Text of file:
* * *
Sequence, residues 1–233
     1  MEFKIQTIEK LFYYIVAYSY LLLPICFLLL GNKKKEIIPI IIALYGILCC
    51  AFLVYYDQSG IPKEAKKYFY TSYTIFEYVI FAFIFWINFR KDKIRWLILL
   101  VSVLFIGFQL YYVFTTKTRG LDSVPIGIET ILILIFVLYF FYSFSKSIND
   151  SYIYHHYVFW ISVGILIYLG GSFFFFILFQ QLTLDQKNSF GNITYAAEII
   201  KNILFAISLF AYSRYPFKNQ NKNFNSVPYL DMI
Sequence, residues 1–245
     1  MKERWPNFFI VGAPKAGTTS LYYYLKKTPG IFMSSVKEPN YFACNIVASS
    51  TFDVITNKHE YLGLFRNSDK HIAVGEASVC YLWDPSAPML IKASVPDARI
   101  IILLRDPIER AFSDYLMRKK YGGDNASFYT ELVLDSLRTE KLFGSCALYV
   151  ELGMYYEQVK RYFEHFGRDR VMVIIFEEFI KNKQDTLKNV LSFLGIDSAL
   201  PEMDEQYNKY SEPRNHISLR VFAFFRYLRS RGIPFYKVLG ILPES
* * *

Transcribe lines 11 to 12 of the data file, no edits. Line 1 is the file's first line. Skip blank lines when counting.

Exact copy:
   151  ELGMYYEQVK RYFEHFGRDR VMVIIFEEFI KNKQDTLKNV LSFLGIDSAL
   201  PEMDEQYNKY SEPRNHISLR VFAFFRYLRS RGIPFYKVLG ILPES